Equally important is how Tesla's EVs relate to the Inflation Reduction Act (IRA) and the tax credits on offer. The EV maker is a net beneficiary of the new program, considering that it lost the federal incentives in 2020 after selling the 200,000-unit limit under the previous program. The IRA tax credits brought Tesla an important advantage in 2023 versus the previous years, leveling the playing ground with the rest of the industry.
Still, the same IRA imposed strict rules for the origin of battery materials, which took effect on April 18. With the Tesla Model 3 RWD sporting lithium-iron-phosphate (LFP) batteries imported from China, the base model in Tesla's lineup was at a disadvantage compared to the rest of the market. To everyone's surprise, Tesla retained half the IRA tax credit ($3,750) even for the Model 3 RWD with LFP cells. The same conditions applied to the mysterious Model 3 Long Range AWD introduced in May, which made people think it also had LFP cells.
Tesla Model 3 now qualifies for a $7,500 federal tax creditIf that was surprising, the announcement that all Model 3 variants now qualify for the full $7,500 IRA tax credit was even more baffling. Everyone wondered what Tesla did do to make the LFP-powered Model 3 RWD benefit from the full IRA tax credit. The change is not yet reflected on the Department of Energy's website, as it still lists the Model 3 RWD and Model 3 AWD Long Range with only a $3,750 tax credit. Still, Tesla's website has changed, and it now says that "all new Model 3 vehicles qualify for a $7,500 federal tax credit for eligible buyers."
Many thought this reflected a change in battery material sourcing or battery pack manufacturing. Indeed, procuring raw materials from white-listed countries such as Australia or Canada would make the cars comply with the IRS's rules of origin introduced on April 18. Also, assembling the batteries in the US instead of importing them from China would likely change the situation.
This is all good, but there's more than meets the eye. According to Tesla, new Model 3 RWD examples in the existing inventory also qualify. Clearly, their battery packs weren't replaced with US-made parts overnight, so something else changed. Under Reg. § 1.30D-3 Critical mineral and battery component requirements, at least 40% of the critical minerals contained in the battery must be extracted or processed in the United States or a country with which the United States has a free trade agreement or be recycled in North America to qualify for the $3,750 tax credit. To get another $3,750, 50% of the battery components must be manufactured or assembled in North America.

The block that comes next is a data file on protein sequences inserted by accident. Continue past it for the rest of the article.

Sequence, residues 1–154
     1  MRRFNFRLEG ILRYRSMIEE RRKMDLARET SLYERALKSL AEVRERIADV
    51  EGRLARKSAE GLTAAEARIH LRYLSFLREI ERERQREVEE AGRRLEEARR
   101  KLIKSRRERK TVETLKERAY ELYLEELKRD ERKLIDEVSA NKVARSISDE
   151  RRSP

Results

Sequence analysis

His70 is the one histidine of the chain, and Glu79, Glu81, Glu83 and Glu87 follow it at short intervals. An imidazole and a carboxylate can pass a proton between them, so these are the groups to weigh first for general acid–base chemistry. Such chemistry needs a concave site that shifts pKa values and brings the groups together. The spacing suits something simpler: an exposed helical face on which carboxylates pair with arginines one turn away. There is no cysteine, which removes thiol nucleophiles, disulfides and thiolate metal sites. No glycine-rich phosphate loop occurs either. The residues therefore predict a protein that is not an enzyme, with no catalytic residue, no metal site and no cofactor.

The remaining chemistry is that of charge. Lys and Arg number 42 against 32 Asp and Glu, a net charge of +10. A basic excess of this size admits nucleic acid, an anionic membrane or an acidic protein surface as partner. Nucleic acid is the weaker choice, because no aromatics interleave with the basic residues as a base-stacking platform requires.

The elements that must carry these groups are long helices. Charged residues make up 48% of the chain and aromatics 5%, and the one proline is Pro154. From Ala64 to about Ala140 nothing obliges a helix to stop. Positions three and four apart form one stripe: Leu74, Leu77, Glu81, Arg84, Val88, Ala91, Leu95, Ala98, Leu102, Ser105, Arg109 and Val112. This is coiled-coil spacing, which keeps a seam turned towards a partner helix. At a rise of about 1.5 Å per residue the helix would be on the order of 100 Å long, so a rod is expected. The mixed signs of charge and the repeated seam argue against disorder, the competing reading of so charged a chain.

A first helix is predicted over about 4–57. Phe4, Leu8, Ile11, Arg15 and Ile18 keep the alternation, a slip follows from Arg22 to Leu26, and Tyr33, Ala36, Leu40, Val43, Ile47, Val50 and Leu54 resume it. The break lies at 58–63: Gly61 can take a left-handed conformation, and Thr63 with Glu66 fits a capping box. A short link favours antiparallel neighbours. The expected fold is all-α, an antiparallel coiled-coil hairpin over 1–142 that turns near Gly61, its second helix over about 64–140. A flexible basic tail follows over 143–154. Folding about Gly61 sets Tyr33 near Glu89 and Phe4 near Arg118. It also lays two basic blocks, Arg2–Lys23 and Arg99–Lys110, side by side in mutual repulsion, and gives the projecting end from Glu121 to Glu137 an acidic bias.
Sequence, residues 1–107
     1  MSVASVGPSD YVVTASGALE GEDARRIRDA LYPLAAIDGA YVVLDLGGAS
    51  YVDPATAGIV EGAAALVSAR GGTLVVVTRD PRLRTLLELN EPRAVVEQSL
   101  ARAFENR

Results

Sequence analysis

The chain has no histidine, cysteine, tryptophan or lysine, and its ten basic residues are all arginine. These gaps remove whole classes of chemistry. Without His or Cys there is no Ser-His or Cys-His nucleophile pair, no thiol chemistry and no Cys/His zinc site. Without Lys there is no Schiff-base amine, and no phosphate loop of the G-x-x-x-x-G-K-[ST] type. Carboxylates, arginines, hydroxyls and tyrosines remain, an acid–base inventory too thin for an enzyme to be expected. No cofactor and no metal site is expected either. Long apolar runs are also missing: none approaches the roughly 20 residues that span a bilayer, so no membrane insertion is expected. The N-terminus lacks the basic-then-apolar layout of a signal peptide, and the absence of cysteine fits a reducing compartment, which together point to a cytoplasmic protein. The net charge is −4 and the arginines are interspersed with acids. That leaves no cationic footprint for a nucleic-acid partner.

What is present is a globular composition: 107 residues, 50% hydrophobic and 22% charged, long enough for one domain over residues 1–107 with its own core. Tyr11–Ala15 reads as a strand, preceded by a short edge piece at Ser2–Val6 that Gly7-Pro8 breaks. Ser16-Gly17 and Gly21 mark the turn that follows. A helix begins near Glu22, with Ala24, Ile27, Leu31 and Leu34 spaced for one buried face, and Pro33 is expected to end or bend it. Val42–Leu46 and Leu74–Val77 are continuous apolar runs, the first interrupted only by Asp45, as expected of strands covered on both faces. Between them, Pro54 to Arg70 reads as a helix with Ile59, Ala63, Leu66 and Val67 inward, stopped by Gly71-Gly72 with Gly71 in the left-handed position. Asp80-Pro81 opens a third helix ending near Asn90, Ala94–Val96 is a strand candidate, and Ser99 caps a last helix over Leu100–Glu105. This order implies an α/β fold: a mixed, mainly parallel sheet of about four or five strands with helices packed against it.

Tesla used a clever trick to bend the IRA provisionsThe trick is that the regulation allows an EV manufacturer to use an alternate method for calculating the critical mineral content. According to the above regulation, Tesla "could average the qualifying critical mineral content calculation over a limited period of time (for example, a year, quarter, or month) with respect to vehicles from the same model line, plant, class, or some combination of thereof." In other words, if Tesla produces enough qualifying Model 3 batteries or even overall production at Fremont, it can offset the Model 3 RWD, which normally would not qualify for the full tax credit.
It's, indeed, a technicality, but it helps Tesla offer the Model 3 RWD at a price point that makes it far more attractive, even compared with ICE vehicles. Considering the current price of $40,240 for the Tesla Model 3 RWD, the destination charges (+$1,640), and the tax credit (-$7,500), the final price for qualifying buyers is $34,380. When you take local incentives into account, things get even sweeter. Starting July 1, qualifying customers could get a Tesla Model 3 RWD in Colorado for $29.380, considering the local tax credit of $5,000. Things are even better for cars in Tesla's inventory, already discounted by $2,410 in the case of the Model 3 RWD.
We can safely assume that Tesla will have no problem clearing Model 3 inventory for the upcoming Model 3 refreshed model. But that's not even close to what this can do to competitors. If Tesla can sell the current generation for under $30,000, imagine what Project Highland would bring, considering the optimized production and simplifications baked in. And we're not even talking about the Gen-3 vehicles, which are an order of magnitude more cost-effective to manufacture.